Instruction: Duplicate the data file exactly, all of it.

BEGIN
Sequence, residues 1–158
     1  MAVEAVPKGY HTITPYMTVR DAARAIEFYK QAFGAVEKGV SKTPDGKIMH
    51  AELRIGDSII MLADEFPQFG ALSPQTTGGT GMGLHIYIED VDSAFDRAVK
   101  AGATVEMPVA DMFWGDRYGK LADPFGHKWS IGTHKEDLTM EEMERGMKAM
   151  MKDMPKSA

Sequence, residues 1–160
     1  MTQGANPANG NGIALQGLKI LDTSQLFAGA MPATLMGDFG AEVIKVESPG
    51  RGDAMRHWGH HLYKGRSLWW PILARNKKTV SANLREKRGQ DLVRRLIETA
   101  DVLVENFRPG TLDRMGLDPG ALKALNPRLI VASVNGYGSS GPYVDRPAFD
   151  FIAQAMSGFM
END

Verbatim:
Sequence, residues 1–158
     1  MAVEAVPKGY HTITPYMTVR DAARAIEFYK QAFGAVEKGV SKTPDGKIMH
    51  AELRIGDSII MLADEFPQFG ALSPQTTGGT GMGLHIYIED VDSAFDRAVK
   101  AGATVEMPVA DMFWGDRYGK LADPFGHKWS IGTHKEDLTM EEMERGMKAM
   151  MKDMPKSA

Sequence, residues 1–160
     1  MTQGANPANG NGIALQGLKI LDTSQLFAGA MPATLMGDFG AEVIKVESPG
    51  RGDAMRHWGH HLYKGRSLWW PILARNKKTV SANLREKRGQ DLVRRLIETA
   101  DVLVENFRPG TLDRMGLDPG ALKALNPRLI VASVNGYGSS GPYVDRPAFD
   151  FIAQAMSGFM